CRISPR is most celebrated as a biomedical technology, a way to explore the cell’s secrets and potentially resolve genetic disorders. But CRISPR also deserves recognition for another sort of application, one that has a lower profile but is also, in its quiet way, necessary and important. CRISPR is not just a high-flying star of biology research, it is also deep in the trenches of drug discovery.

Energetic digging sounds can be heard from the direction of the University of Illinois at Urbana-Champaign, where a research team led by chemical and biomolecular engineering professor Huimin Zhao, Ph.D., has been using a CRISPR/Cas9 gene-editing technology to look for new drug candidates. Specifically, Dr. Zhao and colleagues, including colleagues from Singapore’s Agency for Science, Technology, and Research, have been using a CRISPR/Cas9 knock-in strategy to activate silent biosynthetic gene clusters (BCGs) in bacteria.

In the fight against disease, many weapons in the medicinal arsenal have already been plundered from bacteria. But Dr. Zhao’s team reports that they have now uncovered even more potential treasure formerly hidden in silent genes. Details of this work appeared April 10 in the journal Nature Chemical Biology, in an article entitled, “CRISPR–Cas9 Strategy for Activation of Silent Streptomyces Biosynthetic Gene Clusters.”

“We applied this one-step strategy to activate multiple BGCs of different classes in five Streptomyces species and triggered the production of unique metabolites, including a novel pentangular type II polyketide in Streptomyces viridochromogenes,” wrote the article’s authors. “This potentially scalable strategy complements existing activation approaches and facilitates discovery efforts to uncover new compounds with interesting bioactivities.”

Essentially, the scientists turned on unexpressed, or “silent,” gene clusters in a common class of bacteria that naturally produce many compounds already used as antibiotics, anticancer agents, and other drugs. “In the past, researchers just screened the natural products that bacteria made in the lab to search for new drugs,” Dr. Zhao explained. “But once whole bacterial genomes were sequenced, we realized that we have only discovered a small fraction of the natural products coded in the genome.”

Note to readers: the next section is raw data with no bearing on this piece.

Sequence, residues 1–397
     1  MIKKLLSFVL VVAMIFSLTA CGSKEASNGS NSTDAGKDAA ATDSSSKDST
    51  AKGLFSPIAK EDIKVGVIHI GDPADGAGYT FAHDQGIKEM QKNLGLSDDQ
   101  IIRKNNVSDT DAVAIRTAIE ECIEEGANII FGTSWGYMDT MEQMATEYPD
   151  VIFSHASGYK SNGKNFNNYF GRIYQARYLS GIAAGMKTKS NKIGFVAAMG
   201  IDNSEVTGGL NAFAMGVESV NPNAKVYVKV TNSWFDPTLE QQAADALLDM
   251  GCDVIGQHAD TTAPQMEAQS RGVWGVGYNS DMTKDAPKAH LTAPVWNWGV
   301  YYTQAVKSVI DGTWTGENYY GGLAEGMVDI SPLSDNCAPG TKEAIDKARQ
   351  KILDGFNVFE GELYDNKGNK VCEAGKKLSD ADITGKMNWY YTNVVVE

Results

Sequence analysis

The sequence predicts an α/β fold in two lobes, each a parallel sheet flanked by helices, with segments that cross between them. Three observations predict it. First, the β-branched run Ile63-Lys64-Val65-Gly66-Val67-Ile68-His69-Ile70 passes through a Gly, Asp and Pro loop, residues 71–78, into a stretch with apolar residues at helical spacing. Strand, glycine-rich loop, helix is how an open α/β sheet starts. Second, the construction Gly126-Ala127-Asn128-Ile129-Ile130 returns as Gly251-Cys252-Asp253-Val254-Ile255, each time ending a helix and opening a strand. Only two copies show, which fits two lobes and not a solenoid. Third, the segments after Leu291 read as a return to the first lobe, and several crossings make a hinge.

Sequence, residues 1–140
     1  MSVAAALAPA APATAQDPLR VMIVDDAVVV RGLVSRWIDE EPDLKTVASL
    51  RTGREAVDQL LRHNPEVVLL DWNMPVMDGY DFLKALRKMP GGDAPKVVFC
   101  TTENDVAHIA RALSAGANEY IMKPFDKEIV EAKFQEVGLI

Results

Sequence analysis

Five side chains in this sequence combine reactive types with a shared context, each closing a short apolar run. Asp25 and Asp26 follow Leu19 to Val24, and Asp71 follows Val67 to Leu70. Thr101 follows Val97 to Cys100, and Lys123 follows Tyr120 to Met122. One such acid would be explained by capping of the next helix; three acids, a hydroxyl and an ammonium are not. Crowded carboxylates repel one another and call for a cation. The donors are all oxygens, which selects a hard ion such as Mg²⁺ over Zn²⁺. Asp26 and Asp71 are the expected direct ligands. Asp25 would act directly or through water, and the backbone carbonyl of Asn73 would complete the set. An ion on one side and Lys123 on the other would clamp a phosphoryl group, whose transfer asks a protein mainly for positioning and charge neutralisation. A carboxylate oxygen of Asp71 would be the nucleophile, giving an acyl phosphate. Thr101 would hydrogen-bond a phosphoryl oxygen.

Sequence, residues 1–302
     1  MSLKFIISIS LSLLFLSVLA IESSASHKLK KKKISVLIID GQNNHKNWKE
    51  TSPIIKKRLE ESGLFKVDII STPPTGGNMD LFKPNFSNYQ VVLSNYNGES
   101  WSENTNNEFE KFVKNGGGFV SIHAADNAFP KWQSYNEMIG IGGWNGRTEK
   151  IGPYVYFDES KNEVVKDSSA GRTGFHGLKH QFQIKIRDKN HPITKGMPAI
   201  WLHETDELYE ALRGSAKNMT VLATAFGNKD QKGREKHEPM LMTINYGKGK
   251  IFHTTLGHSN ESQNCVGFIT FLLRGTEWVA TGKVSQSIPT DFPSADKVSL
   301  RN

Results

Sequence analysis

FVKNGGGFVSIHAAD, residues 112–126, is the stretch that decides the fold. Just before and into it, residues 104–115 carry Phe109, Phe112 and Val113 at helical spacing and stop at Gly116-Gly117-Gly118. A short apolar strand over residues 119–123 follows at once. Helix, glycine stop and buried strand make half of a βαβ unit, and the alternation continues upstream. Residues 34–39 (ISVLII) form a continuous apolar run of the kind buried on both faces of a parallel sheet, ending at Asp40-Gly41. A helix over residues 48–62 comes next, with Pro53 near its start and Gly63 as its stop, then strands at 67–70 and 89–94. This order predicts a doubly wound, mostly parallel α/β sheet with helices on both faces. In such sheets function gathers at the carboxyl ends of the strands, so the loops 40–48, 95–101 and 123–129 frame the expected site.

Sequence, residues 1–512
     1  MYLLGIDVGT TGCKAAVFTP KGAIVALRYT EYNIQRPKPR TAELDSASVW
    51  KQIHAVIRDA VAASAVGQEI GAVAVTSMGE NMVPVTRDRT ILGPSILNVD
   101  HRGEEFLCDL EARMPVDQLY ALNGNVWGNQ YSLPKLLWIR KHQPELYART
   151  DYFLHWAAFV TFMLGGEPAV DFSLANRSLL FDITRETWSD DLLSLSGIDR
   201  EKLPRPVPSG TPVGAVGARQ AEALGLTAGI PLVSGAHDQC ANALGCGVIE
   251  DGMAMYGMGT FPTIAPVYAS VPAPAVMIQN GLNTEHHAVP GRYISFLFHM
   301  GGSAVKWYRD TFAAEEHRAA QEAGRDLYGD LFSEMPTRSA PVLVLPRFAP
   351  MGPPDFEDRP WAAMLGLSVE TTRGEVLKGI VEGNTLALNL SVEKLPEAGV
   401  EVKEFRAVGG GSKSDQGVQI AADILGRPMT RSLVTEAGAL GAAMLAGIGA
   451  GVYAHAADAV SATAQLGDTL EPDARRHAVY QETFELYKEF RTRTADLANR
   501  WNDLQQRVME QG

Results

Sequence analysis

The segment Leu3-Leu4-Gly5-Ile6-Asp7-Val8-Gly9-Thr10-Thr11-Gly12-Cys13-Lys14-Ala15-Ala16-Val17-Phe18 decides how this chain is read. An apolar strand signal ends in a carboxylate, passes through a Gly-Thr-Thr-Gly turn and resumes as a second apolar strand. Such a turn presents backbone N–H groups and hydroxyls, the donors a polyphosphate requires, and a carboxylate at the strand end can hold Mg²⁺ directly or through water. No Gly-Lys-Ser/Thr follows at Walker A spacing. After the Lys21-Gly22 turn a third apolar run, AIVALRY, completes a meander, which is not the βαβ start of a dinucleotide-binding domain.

“The vast majority of biosynthetic gene clusters are not expressed under laboratory conditions, or are expressed at very low levels. That's why we call them silent. There are a lot of new drugs and new knowledge waiting to be discovered from these silent gene clusters. They are truly hidden treasures.”

To mine for undiscovered genomic treasure, the researchers first used computational tools to identify silent biosynthetic gene clusters—small groups of genes involved in making chemical products. Then they used CRISPR technology to insert a strong promoter sequence before each gene that they wanted to activate, prompting the cell to make the natural products that the genes clusters coded for.

“This is a less-explored direction with the CRISPR technology,” Dr. Zhao emphasized. “Most CRISPR-related research focuses on biomedical applications, like treating genetic diseases, but we are using it for drug discovery.”

His lab was the first to adapt the CRISPR system for Streptomyces. “In the past, it was very difficult to turn on or off a specific gene in Streptomyces species. With CRISPR, now we can target almost any gene with high efficiency.”

The team succeeded in activating a number of silent biosynthetic gene clusters. To look for drug candidates, each product needs to be isolated and studied to determine what it does. As a demonstration, the researchers isolated and determined the structure of one of the novel compounds produced from a silent biosynthetic gene cluster and found that it has a fundamentally different structure from other Streptomyces-derived drugs—a potential diamond in the rough.

Dr. Zhao asserted that such new compounds could lead to new classes of drugs that elude antibiotic resistance or fight cancer from a different angle.

“Antimicrobial resistance is a global challenge,” he continued. “We want to find new modes of action, new properties, so we can uncover new ways to attack cancer or pathogens. We want to identify new chemical scaffolds leading to new drugs, rather than modifying existing types of drugs.”

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